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Coalition Commander Says Iraq Crisis Has Passed


The American commander of coalition forces in Iraq says the crisis caused by the bombing of a Shi'ite mosque in Samara 10 days ago has passed, and that the violent reaction to the bombing was not as extensive as some reports indicated.

General Casey was concise in his assessment of the current security situation in Iraq.

"I do believe that the crisis part of this has passed," he said.

The general said most of the violent reaction to the mosque bombing was centered on Baghdad and Basra, and that there was little or no violence in most of the country. And he said many reports of attacks on mosques turned out to be false. Overall, he reported severe damage to only two or three mosques, about 350 Iraqi civilian casualties and only about 20 demonstrations that involved more than one thousand people, none with significant violence.

General Casey, who spoke via satellite from Iraq to reporters at the Pentagon, also said the Iraqi government and security forces took the lead and responded well to the crisis, keeping the situation under control, in contrast to incidents in past years when Iraqi forces have sometimes not performed well.

"Has there been violence and terrorism here in Iraq in the wake of the Samara bombings? Clearly. Is that violence out of control? Clearly not," general Casey said.

The coalition commander also discounted news reports that suggest Iraq is on the verge of civil war, although he said the mosque attack was an unsuccessful effort by insurgents to start one.

"Anything can happen, but I think as long as the coalition forces are here on the ground working with the Iraqi security forces, and the vast majority of the Iraqi people remain committed to forming a government of national unity, which I firmly believe that they do, I think the chances of that are not good," the general said.

General Casey said he believes al-Qaida or an affiliated group was responsible for the mosque bombing in Samara, but he said an investigation by Iraq's Ministry of the Interior is not yet finished.

He also said he is increasing security at religious sites to prevent another major attack from sparking a broader reaction. News reports say intelligence agencies are warning of plans for such an attack in the coming days. But the general would not confirm that, saying only that he receives such intelligence reports all the time.

General Casey also indicated that he believes the coalition has at least another year's worth of work to do in Iraq. He said the main goal is to reduce the strength of the insurgency to a level that Iraq's increasingly capable security forces can handle.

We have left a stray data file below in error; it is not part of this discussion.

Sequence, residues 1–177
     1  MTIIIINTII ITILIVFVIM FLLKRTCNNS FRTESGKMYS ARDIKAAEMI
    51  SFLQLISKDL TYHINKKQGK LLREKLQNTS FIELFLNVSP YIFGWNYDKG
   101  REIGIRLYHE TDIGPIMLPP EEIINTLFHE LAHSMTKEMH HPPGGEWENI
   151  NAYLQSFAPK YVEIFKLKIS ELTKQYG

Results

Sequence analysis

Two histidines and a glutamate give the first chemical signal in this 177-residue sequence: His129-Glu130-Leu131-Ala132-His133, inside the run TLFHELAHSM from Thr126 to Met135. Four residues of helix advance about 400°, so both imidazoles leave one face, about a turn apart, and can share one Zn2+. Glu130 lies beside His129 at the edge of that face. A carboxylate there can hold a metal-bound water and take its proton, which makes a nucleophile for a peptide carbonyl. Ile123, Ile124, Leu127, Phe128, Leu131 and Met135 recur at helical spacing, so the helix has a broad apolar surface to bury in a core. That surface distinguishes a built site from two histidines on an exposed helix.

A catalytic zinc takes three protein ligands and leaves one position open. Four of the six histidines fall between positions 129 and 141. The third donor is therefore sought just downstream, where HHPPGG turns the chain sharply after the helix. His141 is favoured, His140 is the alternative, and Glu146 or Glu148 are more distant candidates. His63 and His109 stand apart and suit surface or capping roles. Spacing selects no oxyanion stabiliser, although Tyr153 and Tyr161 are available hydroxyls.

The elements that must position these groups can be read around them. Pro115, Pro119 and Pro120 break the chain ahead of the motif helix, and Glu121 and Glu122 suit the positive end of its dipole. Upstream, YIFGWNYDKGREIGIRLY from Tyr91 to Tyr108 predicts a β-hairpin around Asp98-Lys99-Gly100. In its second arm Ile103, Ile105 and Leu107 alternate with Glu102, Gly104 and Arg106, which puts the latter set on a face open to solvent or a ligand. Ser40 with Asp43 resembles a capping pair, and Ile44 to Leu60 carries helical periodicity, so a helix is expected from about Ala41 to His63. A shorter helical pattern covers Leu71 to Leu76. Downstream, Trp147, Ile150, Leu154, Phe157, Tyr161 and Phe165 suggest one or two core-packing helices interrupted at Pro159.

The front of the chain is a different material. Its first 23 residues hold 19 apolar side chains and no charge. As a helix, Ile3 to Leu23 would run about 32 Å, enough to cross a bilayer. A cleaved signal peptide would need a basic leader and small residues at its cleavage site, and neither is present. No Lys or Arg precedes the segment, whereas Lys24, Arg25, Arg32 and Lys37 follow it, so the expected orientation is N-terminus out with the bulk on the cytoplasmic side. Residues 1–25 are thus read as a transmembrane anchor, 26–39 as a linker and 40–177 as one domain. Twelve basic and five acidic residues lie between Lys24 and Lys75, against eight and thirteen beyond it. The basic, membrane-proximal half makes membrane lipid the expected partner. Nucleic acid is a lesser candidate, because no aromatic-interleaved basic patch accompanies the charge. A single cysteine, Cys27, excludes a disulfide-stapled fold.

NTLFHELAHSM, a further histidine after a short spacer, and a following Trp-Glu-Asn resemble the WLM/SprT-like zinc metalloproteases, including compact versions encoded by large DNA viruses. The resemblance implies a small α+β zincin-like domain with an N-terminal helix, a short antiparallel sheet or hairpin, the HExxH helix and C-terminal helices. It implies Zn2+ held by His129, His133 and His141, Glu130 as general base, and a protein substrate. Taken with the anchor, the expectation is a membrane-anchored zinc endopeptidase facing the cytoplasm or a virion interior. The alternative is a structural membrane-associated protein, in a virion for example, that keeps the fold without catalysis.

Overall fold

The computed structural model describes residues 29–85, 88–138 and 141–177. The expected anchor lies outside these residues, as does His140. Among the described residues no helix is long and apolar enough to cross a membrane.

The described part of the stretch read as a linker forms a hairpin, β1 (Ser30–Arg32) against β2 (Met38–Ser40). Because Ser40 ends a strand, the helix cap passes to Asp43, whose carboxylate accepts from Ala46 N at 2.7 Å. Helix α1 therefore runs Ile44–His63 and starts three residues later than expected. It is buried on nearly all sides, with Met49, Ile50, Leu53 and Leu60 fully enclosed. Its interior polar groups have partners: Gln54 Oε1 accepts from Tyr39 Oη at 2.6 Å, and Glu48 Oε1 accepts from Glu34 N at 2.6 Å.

"I think we'll continue that role here over the course of the next year as we move the process forward," he said.

Still, General Casey said in spite of the mosque bombing and its aftermath, overall violence in Iraq is not on the rise. He is scheduled to make another recommendation on future U.S. troop levels within the next couple of months, but he said he has not yet started that process.

The general indicated that he was particularly impressed during the recent crisis with the Iraqi army's ability to control private militias. He said that in most cases when militias took over mosques and other key locations, they withdrew when Iraqi military forces arrived. But he also said militias were responsible for retaliatory attacks on mosques in the Baghdad area, and that such incidents should focus the Iraqi government's attention on gaining control of the militias.

"This incident and its aftermath has highlighted for the Iraqi government the need to deal with the militia issue in the very near future. And we think that's a good thing," general Casey said.

The general acknowledged that will not be easy, and will involve disarming the militias and integrating them into the regular Iraqi security forces.

General Casey also said reconstruction efforts are continuing in Iraq, with more than three thousand projects underway. And he said he is working with the U.S. embassy to make a security plan for new reconstruction teams the State Department plans to dispatch in an effort to speed up the process.

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